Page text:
Are they serious? | Pakistan Today

Are they serious?

It’s all between President Asif Ali Zardari and Prime Minister Yousaf Raza Gilani. Fifteen days after the recommendation of the joint session of parliament, the prime minister on Tuesday appointed a five-member commission to investigate the May 2 US operation in Abbottabad. The decision had been taken in his two-hour meeting with the president.
While the government took almost two weeks to set up this commission, it seemingly became controversial on the day it was notified with at least its two members – Justice Javed Iqbal, who has been appointed its head, and Justice (r) Fakhruddin G Ebrahim – having no knowledge of their appointment. Not only that, the prime minister had also not consulted Leader of the Opposition Chaudhry Nisar Ali Khan.
As Justice Javed Iqbal cannot head any commission without the approval of the chief justice of Pakistan (CJP), the government did not consult the top judge before nominating his subordinate. Similarly, Fakhruddin G Ebrahim was also not consulted and he refused to be a part of this commission.
Though it’s a procedural matter, the way the government avoided consultation with the CJP not only reflects a communication gap between the executive and the judiciary, it also suggests that the government is not serious that the Abbottabad incident be investigated and its details made public. And, the armed forces would probably also not like any independent investigation into this security issue.
It is unfortunate if the formation of this commission has been “designed” to become controversial for “security reasons” to suit the interest of the military establishment which may not afford an independent commission to probe this matter and expose the failure, if nay, on its part. It was surely because of this reason that the prime minister, on the recommendation of the army chief, had appointed Adjutant Gen Lt-Gen Javed Iqbal to investigate into what was considered an intelligence failure.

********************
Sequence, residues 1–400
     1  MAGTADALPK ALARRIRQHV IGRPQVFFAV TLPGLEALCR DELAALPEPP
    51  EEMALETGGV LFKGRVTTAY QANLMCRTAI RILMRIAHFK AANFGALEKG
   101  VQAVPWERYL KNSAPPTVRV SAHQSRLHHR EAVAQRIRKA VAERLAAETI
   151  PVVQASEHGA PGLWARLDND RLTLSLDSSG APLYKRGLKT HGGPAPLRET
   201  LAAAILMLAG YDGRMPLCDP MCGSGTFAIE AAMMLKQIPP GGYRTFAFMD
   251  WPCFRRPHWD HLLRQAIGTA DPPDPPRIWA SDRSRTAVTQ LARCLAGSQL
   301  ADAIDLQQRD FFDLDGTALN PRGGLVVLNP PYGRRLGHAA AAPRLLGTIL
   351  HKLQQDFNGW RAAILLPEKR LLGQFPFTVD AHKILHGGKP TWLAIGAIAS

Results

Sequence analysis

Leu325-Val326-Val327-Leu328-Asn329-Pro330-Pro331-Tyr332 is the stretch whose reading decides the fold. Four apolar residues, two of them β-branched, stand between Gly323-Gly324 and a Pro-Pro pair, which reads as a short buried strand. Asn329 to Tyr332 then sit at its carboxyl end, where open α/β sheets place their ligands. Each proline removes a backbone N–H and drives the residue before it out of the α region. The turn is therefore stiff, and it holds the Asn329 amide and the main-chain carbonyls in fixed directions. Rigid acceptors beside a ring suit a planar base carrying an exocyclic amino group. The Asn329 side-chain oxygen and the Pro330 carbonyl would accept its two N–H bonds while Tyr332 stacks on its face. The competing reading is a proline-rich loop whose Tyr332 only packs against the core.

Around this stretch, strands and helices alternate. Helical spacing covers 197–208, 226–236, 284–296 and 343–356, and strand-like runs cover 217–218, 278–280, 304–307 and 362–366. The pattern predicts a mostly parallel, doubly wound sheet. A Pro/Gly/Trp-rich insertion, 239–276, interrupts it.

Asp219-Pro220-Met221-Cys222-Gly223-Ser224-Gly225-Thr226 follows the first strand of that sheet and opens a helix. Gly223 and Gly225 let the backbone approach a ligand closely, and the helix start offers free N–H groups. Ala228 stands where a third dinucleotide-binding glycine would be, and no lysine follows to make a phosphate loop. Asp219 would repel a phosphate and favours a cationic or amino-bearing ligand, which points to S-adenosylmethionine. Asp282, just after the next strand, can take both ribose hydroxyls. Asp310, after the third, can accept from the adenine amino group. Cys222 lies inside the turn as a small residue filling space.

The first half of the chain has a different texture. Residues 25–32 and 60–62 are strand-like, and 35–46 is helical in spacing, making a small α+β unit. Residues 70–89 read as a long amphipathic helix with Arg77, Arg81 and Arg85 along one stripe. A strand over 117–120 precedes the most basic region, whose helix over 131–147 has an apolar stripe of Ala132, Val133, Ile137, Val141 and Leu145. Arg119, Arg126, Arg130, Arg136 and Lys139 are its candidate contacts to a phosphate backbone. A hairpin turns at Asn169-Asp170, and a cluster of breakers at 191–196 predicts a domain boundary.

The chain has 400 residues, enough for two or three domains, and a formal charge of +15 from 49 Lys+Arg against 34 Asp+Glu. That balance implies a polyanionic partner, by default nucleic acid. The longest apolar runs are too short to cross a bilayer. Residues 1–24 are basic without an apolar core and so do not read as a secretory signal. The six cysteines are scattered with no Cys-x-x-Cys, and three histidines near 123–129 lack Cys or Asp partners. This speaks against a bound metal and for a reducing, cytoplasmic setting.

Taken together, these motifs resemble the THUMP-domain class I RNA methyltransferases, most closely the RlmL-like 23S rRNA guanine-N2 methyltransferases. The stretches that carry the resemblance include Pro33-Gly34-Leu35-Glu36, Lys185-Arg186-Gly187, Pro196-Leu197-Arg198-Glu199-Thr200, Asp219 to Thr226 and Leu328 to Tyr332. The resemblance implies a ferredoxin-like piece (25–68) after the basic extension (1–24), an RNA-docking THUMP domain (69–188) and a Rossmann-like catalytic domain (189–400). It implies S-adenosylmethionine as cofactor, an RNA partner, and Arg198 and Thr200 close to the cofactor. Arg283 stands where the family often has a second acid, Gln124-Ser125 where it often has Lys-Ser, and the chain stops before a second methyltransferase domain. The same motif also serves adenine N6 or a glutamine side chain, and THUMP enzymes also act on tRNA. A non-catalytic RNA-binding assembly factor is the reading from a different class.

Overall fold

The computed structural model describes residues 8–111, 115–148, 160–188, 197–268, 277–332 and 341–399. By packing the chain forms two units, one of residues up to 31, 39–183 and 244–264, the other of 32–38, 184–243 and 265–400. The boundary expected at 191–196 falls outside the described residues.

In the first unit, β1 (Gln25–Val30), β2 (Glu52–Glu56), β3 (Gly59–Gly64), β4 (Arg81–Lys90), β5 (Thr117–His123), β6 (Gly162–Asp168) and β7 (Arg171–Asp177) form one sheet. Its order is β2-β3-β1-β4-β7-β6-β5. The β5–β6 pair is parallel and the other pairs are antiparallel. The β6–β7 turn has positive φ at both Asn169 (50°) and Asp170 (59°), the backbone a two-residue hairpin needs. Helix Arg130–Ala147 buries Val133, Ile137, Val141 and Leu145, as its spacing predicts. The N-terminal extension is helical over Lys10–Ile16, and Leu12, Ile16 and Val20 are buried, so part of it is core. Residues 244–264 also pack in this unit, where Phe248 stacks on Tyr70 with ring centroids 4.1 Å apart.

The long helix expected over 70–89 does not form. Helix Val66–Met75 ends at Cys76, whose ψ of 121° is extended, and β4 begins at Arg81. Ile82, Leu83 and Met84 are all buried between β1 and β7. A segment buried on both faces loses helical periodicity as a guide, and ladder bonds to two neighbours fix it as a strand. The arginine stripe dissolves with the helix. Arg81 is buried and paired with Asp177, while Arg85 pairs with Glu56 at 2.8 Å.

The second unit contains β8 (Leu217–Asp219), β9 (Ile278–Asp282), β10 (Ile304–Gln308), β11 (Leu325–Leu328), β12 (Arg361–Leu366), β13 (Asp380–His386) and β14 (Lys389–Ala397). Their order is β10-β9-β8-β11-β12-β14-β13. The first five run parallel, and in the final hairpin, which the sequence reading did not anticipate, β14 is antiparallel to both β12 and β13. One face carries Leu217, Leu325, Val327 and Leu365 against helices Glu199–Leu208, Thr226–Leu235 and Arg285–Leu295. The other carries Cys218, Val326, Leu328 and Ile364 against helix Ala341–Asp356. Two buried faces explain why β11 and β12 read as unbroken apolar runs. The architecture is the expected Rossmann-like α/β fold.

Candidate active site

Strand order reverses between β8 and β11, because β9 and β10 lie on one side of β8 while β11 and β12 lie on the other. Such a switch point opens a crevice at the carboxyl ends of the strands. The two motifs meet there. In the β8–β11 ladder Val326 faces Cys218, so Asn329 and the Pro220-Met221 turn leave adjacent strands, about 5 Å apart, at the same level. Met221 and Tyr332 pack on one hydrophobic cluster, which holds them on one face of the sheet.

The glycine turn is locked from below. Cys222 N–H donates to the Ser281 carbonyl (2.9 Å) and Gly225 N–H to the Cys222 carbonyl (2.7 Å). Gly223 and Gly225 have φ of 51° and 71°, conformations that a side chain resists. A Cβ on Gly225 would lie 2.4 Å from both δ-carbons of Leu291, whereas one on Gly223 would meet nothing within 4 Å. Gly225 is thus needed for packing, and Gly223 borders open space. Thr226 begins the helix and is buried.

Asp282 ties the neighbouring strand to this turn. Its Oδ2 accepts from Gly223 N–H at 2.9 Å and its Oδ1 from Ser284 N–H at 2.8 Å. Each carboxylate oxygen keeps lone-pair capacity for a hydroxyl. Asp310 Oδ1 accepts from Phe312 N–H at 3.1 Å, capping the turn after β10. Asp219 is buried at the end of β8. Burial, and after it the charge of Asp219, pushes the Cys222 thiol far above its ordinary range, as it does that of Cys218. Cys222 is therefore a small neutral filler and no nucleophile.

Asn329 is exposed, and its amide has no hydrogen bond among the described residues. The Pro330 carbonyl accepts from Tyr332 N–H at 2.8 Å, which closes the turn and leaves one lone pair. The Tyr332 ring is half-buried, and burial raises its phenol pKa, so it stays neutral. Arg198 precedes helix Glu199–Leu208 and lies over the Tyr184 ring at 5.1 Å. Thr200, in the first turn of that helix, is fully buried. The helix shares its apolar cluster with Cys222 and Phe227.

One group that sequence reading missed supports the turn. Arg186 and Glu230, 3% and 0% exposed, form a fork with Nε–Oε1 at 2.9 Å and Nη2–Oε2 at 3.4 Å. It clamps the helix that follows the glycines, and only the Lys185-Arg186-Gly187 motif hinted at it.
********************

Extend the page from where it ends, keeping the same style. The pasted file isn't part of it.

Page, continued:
What makes the govt’s intention questionable is the way the prime minister has deliberately ignored the leader of the opposition despite the unanimous resolution passed by the joint session of parliament had unambiguously recommended that “the modalities of the commission will be settled after consultations between the leader of the house and the leader of the opposition”.
It was, however, Chaudhry Nisar’s initiative that he had written a letter to the prime minister, who had adopted a laid-back approach for obvious reasons, proposing some names with his recommendations for formulating the Terms of Reference (ToRs) of the commission. Nevertheless, the government cleverly picked one of the names (Fakhruddin G Ebrahim) from the list sent by Chaudhry Nisar to claim that “meaningful consultation” had taken place.
It’s not only that the prime minister had not talked to the leader of the opposition on this issue, he had also not consulted the government’s coalition partners except the PML-Q. Similarly, Chaudhry Nisar has so far also not clarified whether what he had suggested and proposed to the prime minister in his letter had been forwarded with the consent of all opposition parties represented in parliament.
It would be inapt in case this commission becomes controversial and the parliament’s demand to probe the Abbottabad incident is swept under the carpet once for all.

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One Comment;

  1. Muhammad Faizal Maidin via Facebook said:

    Justice is in the upright,let alone what they want,the world really confusing ,let them less ,while the evil in the fight.use the rational mind for a long time for peace..

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